Making observations on common pitfalls and their phycological underpinnings is easy. As Mr. Berra once said, “You can observe a lot just by watching.”

The hard part of course is in the execution.

How to Raise a Search Fund

The team at WSC recently gave a presentation to a group of business school students contemplating raising search funds. We thought we’d “open source” the best practices we shared, based on our experiences backing 100+ search funds and meeting many hundreds more. We hope the search community finds these 9 best practices helpful.

  1. Be certain you want to search.
    • Remember this is a 7+ year journey.
    • Call 20+ active searchers, former searchers and operating CEOs. You can find these through the portfolio section of search investor websites.
    • Talk to all the stakeholders in your life (i.e., partners/family) and be explicit about tradeoffs, sacrifices and boundaries. Make sure the “whole team” is bought in and aligned. Your emotional support network will be critical during this process.
  2. Get the right experience.
    • Intern both for a search fund during the year and an operating company over the summer if possible.
    • This will help you validate if search is for you, build skills and signal commitment to investors.
    • Think about your gaps in the toolkit needed to be a successful searcher/operator and prioritize experiences that fill those. (i.e., focus on cold outreach and marketing if your modeling skills are already well-honed).
    • Investors can help you find these internships (see WSC’s On-Deck program).
  3. Cultivate investor relationships early.
    • It’s helpful to have one or two particularly “friendly” search investors who agree to provide advice and comments on your PPM while it’s still in draft form.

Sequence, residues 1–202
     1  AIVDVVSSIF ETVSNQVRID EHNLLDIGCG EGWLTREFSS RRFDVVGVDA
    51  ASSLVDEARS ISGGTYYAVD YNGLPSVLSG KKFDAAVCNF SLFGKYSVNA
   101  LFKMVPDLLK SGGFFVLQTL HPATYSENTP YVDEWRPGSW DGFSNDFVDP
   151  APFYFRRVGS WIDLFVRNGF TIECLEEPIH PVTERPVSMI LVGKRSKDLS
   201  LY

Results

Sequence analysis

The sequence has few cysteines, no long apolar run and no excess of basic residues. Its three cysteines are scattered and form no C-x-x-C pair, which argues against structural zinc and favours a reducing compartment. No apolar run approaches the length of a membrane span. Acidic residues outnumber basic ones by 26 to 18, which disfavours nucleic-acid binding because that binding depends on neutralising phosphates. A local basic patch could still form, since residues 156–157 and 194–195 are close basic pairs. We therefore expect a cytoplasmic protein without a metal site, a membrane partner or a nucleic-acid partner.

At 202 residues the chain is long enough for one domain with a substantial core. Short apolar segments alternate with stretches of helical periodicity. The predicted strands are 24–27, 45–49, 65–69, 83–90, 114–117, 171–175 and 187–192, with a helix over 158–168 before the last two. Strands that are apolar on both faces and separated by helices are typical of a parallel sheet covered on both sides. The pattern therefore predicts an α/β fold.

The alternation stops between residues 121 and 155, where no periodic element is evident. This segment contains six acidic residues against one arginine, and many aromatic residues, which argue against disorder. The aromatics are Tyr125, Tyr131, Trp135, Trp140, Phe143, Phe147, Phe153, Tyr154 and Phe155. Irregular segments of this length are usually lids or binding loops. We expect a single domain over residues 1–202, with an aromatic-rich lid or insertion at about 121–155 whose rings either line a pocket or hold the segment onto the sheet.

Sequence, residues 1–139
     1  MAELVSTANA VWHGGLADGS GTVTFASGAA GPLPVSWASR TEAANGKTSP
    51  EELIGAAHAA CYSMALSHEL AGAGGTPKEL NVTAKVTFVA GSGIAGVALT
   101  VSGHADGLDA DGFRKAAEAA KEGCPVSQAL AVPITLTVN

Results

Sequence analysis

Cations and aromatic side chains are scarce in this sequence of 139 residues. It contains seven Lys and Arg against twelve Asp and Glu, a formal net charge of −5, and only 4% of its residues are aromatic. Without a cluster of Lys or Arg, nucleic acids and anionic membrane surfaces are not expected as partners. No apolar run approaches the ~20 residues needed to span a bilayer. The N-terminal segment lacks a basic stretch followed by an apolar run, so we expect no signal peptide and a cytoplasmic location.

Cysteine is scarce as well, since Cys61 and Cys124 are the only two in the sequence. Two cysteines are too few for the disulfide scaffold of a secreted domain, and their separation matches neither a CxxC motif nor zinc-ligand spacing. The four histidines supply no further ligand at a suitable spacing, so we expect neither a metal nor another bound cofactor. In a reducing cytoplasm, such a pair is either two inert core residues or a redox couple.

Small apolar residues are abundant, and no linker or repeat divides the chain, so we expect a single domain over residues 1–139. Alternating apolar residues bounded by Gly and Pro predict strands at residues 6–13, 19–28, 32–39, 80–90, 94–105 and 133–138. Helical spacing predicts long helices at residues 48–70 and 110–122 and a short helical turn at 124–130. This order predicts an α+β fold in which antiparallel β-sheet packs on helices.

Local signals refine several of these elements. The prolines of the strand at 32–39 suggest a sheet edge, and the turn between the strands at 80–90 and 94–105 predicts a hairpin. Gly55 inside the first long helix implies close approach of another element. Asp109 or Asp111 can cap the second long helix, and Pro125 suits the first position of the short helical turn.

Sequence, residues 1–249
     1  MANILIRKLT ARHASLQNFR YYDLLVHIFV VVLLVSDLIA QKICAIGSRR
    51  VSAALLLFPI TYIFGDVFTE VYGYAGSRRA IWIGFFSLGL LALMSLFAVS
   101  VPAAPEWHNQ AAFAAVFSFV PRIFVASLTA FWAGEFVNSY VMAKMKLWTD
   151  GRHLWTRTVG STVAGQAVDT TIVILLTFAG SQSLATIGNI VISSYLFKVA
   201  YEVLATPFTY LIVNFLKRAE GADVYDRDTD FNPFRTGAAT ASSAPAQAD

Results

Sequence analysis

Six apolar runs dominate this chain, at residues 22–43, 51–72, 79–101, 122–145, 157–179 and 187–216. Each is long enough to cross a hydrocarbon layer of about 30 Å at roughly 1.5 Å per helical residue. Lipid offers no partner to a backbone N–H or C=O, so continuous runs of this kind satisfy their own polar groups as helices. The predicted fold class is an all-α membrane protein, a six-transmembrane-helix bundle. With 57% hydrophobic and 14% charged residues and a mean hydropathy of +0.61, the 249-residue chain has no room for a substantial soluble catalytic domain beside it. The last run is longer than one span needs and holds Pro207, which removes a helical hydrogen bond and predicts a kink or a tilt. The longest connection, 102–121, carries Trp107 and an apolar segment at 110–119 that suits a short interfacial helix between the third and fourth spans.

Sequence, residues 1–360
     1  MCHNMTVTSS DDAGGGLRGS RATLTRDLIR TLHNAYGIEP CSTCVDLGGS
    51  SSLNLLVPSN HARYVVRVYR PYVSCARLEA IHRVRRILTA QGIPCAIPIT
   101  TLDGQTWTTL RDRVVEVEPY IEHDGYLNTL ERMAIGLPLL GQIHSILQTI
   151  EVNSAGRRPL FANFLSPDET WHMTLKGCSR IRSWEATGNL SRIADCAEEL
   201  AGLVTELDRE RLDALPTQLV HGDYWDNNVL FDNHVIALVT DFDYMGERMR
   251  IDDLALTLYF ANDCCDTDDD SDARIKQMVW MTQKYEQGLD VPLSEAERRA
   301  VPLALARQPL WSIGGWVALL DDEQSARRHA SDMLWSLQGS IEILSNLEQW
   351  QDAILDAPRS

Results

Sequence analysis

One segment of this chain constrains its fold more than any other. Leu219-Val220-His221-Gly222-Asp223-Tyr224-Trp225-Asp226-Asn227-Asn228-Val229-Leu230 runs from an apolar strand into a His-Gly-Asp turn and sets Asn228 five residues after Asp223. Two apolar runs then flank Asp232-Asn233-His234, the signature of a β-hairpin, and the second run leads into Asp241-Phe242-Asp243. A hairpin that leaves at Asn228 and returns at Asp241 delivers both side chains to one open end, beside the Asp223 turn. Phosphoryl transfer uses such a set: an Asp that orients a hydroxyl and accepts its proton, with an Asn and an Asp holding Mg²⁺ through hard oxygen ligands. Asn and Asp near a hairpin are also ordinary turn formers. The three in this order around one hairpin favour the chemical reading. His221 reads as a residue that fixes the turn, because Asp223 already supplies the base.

• You do not need to have your search strategy buttoned up or even know if you want to search when you initiate these conversations, but do have your personal story practiced.
  4. Be thoughtful about timing your go-to-market.
    • Most common time to come to market for MBA grads is Q4/Q1.
    • No “rule” on when to launch, but it can be helpful to be at the front of that cycle before investors fill their targeted cohort sizes.
  5. Write a strong PPM that satisfies all the “table stakes” items but tells your unique personal story.
    • Emphasize your personal/professional story and include it near the front of your PPM. Write in your own voice and avoid jargon. Think about how you want investors to “pitch” you to their partners when they give the 20 second blurb on your background.
    • Include a robust financial returns model and an appendix to show your work. Particularly for searchers without banking/financing experience, this is an important signal to investors (even though the model itself is highly illustrative).
    • Budget appropriately. Market for solo is ~$400K-$500K and market for pair is ~$700K-$800K.
  6. Don’t reinvent the wheel with your docs and terms.
    • These terms became standard over decades of iteration between search entrepreneurs and investors and are optimized for driving alignment while avoiding unintended consequences.
    • Use a lawyer who is experienced in the ETA/search fund community.
  7. Prepare for the interview holistically.
    • These will feel more like executive officer interviews than “pitches” for your search fund.
    • Be prepared to speak about yourself, your motivations for search, strengths/weaknesses, etc.
    • It is critical to nail your personal story—practice this. Connect the dots in your life in a way that is coherent, shows progress and explains why search is right for you.
    • If you are a partnered search, have a plan for how to handle “jump ball questions.” I.e., does one person always go first or handle certain types of questions (particularly challenging in video conferences).
  8. Choose investors wisely and enlist their help in the fundraising process.
    • Treat interviews like a bidirectional information gathering process. Ask investors the nature of their involvement in the search and operating phase.
    • Ask for referrals and warm introductions to other investors. Put your investors to work.
    • This is a shared ownership model and you should expect contribution from all members of your cap table.
  9. Enjoy the journey!
    • There are ups and downs, but this is an extraordinarily exciting career path.
    • You get to be an entrepreneur, an investor and a CEO, while collaborating with a tight-knit, supportive community of investors and advisors motivated by more than financial returns.
    • Treat people well, play the long-game and have fun!